Barlett and Steele went on to become one of the most respected investigative reporting teams in the country. After working together for more than four decades at the Inquirer, they also worked at Time magazine, where they earned two National Magazine Awards, and now are contributing editors at Vanity Fair. They have also written eight books, the most recent of which, “The Betrayal of the American Dream,” made the The New York Times and Los Angeles Times best-sellers lists in 2012. The book, researched in part by Workshop staffers, and undertaken as part of a two-year project in which they wrote for the Workshop’s site, examined “what went wrong” in America to consistently undercut the middle class. “What Went Wrong” was also the title of an in-depth series and subsequent book done while they were Inquirer staffers.
Michael Vitez and John Sullivan are two of many more reporters who in various ways continued Barlett’s and Steele’s legacy at the Inquirer.
Vitez, along with April Saul and Ron Cortes, won the 1997 Pulitzer Prize in Explanatory Journalism for a series that followed five critically ill people as they approached the ends of their lives.
Vitez said the inspiration was the work he did, not the award he won.
“It’s great to win a Pulitzer. It’s a wonderful thing,” he said. “But, really, it's the work that is the important thing — not the recognition you get for it.”
Receiving the award, he said, gave him great confidence. “I realized, when I did that work, what great work was. It gave me a bar to shoot for,” he said.
For Sullivan, who is now a reporter for The Washington Post's investigations team and a senior editor at the Workshop, knowing that he has done the kind of excellent work that colleagues and the board find worthy of a Pulitzer is incredibly satisfying and rewarding.
What the prize has given him is the freedom to do the kind of work he wants to do, he said. Sullivan also teaches a graduate practicum in investigative journalism at the American University, pairing students with reporters on various teams and projects.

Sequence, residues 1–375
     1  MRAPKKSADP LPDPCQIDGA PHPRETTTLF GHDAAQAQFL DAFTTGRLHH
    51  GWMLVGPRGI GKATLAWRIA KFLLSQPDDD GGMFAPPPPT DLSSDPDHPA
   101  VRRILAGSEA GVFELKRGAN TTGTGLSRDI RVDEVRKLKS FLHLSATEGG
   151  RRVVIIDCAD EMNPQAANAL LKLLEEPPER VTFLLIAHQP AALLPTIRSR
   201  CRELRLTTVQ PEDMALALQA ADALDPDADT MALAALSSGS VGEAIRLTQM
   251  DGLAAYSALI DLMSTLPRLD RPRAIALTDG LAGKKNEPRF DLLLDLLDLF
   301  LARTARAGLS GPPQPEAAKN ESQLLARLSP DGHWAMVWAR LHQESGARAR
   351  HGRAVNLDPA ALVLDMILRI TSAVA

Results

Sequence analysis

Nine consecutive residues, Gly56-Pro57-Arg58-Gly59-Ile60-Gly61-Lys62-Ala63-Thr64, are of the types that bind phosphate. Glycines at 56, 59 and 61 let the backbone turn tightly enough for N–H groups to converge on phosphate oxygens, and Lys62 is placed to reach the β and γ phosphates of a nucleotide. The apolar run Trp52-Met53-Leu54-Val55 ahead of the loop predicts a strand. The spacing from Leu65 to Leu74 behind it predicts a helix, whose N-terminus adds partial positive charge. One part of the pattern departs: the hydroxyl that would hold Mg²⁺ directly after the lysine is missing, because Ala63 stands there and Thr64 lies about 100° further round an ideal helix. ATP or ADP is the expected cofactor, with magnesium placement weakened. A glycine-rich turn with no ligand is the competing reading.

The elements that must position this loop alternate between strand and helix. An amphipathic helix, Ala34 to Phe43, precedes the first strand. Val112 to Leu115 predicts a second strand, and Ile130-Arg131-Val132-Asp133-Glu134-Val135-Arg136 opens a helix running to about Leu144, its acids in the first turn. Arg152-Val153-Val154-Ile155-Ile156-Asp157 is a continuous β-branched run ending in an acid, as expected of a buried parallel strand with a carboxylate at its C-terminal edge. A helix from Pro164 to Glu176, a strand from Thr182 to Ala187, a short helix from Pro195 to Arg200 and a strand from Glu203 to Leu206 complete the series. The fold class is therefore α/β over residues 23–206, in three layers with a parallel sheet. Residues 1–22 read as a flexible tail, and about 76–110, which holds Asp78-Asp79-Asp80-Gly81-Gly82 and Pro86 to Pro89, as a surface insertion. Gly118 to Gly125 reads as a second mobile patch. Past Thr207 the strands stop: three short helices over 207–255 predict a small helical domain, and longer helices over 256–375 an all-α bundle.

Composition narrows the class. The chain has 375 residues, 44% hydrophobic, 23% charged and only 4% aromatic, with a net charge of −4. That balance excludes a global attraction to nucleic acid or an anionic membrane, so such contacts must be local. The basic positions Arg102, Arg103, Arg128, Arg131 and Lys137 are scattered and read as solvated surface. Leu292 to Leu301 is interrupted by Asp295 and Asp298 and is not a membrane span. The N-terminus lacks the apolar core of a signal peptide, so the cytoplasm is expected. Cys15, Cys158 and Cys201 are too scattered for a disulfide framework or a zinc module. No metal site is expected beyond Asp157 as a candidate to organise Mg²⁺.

In 2011, Sullivan led a team of five reporters who examined pervasive violence in the Philadelphia schools. The series, which triggered reforms to improve the safety of teachers and students, won the Pulitzer Prize in Public Service in 2012.
Sullivan was also a finalist for the prize in national reporting in 2009. He, John Shiffman and Tom Avril reported on how political interests have undermined the role of the Environmental Protection Agency.
Asked for advice for aspiring investigative reporters, Steele said the most important thing is to look at the larger picture. He said reporters should try to devote as much time as possible to helping people understand complex subjects.
Humanizing stories is another key element in reporting, Steele said, because that's the way for people to respond to stories.
“People are the heart of all stories,” he said. “People, the good or the bad.”
Pardue of The Post and Courier said many reporters are doing great work overseas, covering the wars, but he also points out that a "war" might also be going on in one's own backyard. Reporters need to get out there and look at what's troubling their own community because that's where stories are.
Vitez said one shouldn't worry about recognition because the only thing that will drive a reporter to greatness is the pursuit of truth.
"You have to love the craft. You have to love what you do. That's got to be all that matters," he said.
Sullivan said reporters should find their own sense of motivation — and that can't come from bosses, the news organization or awards. It has to be a determination borne out of a desire to do work that one loves and cares about.
"And that's its own reward," he said.